The U.S. Trade Representative released a new round of proposed tariffs on an additional $200 billion worth of U.S. imports from China, potentially including sports bags and baseball, softball, hockey and ski gloves.
The list of items that would be hit with a 10 percent tariff also includes a wide range of household items, such as electronics, appliances, furniture and some textiles. The items include fish sticks, handbags, apples, spark plugs, vacuum cleaners, furniture, auto and bicycle parts, French doors, yarn and ceramic tiles. It left untouched U.S.-branded smartphones and laptop computers.
When the list is complete, there will be a review process, and companies will be given an opportunity to petition the government to exempt their products from the new tariff. The USTR will accept public comments and hold hearings Aug. 20-23 before reaching a decision after Aug. 31.
The new U.S. proposed levies would be on top of 25 percent tariffs that the Trump administration has assessed on $50 billion of Chinese goods, $34 billion of which took effect last Friday. The first U.S. tariff list focused on Chinese industrial products, an attempt to reduce the direct impact on American consumers, including levies on Chinese solar panels, steel, aluminum and many machine and industrial parts.
The administration said the new levies are a response to China’s decision to retaliate against the first round of U.S. tariffs.
Overseas, Beijing rejected the new tariff list as “totally unacceptable” and vowed to respond with counter-measures and an additional lawsuit at the World Trade Organization—the third it has brought against the United States this year.
In Congress, top Republicans raised concerns over the escalating tariffs and called on Trump to sit down with Chinese President Xi Jinping to address the conflict before it hurts more farmers, consumers and businesses in the world’s two largest economies. U.S. companies in China already have reported stalled product approvals, worker visas and licensing applications.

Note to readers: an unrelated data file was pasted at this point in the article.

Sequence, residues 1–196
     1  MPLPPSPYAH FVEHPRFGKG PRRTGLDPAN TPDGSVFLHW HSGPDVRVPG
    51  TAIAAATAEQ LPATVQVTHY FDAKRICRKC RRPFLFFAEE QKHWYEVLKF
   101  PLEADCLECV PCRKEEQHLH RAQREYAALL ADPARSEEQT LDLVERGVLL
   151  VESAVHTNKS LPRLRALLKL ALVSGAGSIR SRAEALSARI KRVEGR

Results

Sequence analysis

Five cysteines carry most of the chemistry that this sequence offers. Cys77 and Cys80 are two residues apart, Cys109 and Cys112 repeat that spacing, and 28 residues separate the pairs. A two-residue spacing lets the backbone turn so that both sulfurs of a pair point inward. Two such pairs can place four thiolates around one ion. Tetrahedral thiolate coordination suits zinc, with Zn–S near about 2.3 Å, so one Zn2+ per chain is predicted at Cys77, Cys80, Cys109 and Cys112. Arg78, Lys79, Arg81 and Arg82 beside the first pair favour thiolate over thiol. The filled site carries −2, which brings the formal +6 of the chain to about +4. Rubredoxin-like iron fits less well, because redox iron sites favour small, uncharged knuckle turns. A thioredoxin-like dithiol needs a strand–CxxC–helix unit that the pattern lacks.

The Trump administration’s latest move drew opposition from business groups and some Republican lawmakers, who were concerned the tariffs could be a blow to U.S. consumers and damage the economy. Investors also were concerned. The Dow Jones industrial average closed down 219.21 points, or 0.9 percent, at 24,700.45.
Trade industry organizations also widely voiced their concern over the tariffs.
Said SFIA CEO and President Tom Cove in a statement, “SFIA believes a trade war will hurt American consumers, businesses and workers. It’s not clear how this gets resolved once it starts. We do not support this approach to trade and encourage the president to use alternative negotiating tactics to secure concessions from China to ensure a fair playing field.”
Rick Helfenbein, president and CEO of the American Apparel & Footwear Association, stated, “This move by the Trump administration, though expected, will not do anything to help American workers, American consumers or American businesses. By including items such as handbags, hats and textiles on this additional list of products, the administration has shown that it is not concerned about targeting the American public with its ‘Trump Tax.’ This will result in inflationary costs throughout the supply chain, ultimately paid for by American consumers.”
Further analysis is available in this SGB article.